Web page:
It is the end of May, when we are on the Lofoten Islands for the very first time in our lives, and to our surprise it can already get quite warm even this far up in the north. After work is done, we sit in T-shirts on the terrace of our temporary home and look over to Nonstinden. It’s one of those typical houses that line the coasts here in the far north – red wooden walls, white window frames and a view onto water and mountains. But where are we exactly?
Home mountain and heath above Ballstad
Our cabin is located in the quiet fishing village of Ballstad in the district of Vestvagøy, which actually already belongs to the larger villages in Lofoten, although we should probably rather put “larger” in quotation marks. The peninsula on which Ballstad is located is characterized by a mountain range that runs from north to south.
The highest peak, rather in the north, is the 670 meter high Skottinden, and the other jags and peaks extend to the southern end of the peninsula, where the rock runs out more or less abruptly towards the coast. Nonstinden is one of these peaks and lies directly above Ballstad, which nestles on the western side of the small mountain range and is thus well protected from the stormy west winds. These otherwise hit the Lofoten archipelago without restraint from the Atlantic.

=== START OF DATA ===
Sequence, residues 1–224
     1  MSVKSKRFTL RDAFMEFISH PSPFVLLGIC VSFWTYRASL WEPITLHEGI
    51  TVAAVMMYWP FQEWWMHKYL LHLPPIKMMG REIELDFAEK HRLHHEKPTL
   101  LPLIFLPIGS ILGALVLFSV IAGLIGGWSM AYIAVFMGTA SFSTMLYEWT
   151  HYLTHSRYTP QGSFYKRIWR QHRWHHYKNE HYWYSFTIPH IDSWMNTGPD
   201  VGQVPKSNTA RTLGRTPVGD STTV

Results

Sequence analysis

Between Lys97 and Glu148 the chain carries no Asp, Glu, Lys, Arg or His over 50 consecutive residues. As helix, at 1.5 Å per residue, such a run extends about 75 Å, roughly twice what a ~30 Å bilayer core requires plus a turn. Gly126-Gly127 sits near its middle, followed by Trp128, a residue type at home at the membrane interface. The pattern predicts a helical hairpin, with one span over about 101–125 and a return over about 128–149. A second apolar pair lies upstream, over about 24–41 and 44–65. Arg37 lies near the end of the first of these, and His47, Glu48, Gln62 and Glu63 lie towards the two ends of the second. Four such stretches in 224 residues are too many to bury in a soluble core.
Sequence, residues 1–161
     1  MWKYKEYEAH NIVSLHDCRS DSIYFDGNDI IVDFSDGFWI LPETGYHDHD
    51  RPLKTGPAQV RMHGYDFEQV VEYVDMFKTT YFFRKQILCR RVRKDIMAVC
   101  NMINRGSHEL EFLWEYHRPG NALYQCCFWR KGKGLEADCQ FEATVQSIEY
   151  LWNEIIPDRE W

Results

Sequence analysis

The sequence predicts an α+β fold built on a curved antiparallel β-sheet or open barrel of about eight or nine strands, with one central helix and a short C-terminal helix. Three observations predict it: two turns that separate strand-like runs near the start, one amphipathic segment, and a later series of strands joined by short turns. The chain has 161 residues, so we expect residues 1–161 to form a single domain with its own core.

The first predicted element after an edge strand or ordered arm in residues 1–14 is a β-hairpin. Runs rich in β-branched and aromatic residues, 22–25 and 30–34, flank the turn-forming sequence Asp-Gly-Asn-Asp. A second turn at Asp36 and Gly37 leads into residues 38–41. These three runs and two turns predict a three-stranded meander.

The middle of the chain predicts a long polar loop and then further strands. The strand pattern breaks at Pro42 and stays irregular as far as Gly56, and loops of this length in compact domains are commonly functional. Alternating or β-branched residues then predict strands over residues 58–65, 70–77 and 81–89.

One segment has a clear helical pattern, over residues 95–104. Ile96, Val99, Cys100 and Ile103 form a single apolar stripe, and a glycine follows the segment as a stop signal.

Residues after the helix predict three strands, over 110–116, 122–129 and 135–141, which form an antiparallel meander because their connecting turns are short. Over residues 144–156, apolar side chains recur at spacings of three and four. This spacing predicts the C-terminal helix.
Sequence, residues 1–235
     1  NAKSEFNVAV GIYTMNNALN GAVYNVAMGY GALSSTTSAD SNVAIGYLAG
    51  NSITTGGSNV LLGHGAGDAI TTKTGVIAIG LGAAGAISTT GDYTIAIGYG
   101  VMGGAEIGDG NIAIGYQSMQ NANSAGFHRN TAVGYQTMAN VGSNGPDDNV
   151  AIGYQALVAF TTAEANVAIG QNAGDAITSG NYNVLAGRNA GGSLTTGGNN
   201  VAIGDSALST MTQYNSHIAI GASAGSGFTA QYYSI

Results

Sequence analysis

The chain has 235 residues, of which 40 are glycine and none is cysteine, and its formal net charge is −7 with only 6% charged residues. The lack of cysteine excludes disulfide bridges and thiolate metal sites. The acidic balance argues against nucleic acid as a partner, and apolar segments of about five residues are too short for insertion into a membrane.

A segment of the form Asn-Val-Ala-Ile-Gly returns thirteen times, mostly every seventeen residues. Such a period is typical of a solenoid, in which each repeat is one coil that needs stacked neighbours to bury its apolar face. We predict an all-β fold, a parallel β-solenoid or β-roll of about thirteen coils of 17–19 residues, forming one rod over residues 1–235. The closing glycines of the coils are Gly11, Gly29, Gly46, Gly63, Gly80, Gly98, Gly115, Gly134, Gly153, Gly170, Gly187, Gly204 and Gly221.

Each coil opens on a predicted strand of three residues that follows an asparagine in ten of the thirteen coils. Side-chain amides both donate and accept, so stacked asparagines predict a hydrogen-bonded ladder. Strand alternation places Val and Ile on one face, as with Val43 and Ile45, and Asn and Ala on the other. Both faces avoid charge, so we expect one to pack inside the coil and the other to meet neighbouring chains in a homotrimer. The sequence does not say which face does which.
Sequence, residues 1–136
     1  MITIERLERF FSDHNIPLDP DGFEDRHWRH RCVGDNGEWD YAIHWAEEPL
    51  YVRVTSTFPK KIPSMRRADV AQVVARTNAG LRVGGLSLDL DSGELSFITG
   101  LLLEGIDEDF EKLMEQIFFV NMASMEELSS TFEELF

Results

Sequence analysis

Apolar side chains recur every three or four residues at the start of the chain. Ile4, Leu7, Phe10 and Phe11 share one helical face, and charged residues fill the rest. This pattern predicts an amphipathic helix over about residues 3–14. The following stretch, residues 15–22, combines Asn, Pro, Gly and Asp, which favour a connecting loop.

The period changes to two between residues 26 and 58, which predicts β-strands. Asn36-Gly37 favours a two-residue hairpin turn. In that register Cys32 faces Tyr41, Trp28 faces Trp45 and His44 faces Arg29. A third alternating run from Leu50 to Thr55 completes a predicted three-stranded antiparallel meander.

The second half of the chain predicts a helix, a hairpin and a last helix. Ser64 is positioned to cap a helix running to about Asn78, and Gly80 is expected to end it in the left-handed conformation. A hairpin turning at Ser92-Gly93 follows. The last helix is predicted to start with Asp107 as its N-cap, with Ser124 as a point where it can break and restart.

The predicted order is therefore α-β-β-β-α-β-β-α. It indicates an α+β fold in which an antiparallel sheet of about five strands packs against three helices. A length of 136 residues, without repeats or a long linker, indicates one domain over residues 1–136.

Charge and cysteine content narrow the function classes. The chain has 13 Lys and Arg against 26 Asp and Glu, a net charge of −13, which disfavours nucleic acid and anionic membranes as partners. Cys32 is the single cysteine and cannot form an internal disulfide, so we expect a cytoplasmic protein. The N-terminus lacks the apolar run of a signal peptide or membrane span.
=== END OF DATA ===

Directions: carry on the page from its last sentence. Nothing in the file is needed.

With its 460 meters above sea level, Nonstinden is not necessarily one of the highest peaks in Lofoten and probably not the most impressive. But what we like about this mountain rising directly from the Atlantic is its versatility. But more about that later.
The Ballstadheia, which is the heath above Ballstad, is about 200 m above sea level and divides the climb up to Nonstinden into a steep initial part and the less steep ascent to the summit.
Those who know us are aware that sitting on the terrace and enjoying the sun is not one of our standard activities. So it doesn’t take long until our fingers, or maybe rather our toes, start tingling. Instead of looking up at Ballstadheia from our deck chairs, we prefer to tie our running shoes and tackle the ascent as a trail run.
COLOR CONTRASTS IN THE ROUGH NATURE
The typical rorbu in Lofoten: often converted into vacation homes, former seasonal fishermen's cabins.
Over stock(-fish) and stone
Our starting point is in the very south of Ballstad, on the island of Gjermesøya, and our first challenge is not a steep climb, but the path through stinking stockfish. From about February to May, you can find the traditional wooden racks everywhere in Lofoten, on which the fish, tied together by their tails, hang to dry. The smell is not very pleasant (at least for my fine nose) and a creepy detail: The heads of the fish are cut off before hanging and also tied to the racks to dry. Looks a bit like something you’d have to get used to.
Quickly we find the right path to Nonstinden and already a few meters further we are on the hiking trail. Fortunately, the steep ascent quickly puts distance between us and the penetrating smell of fish and we can breathe again. And we do need the air.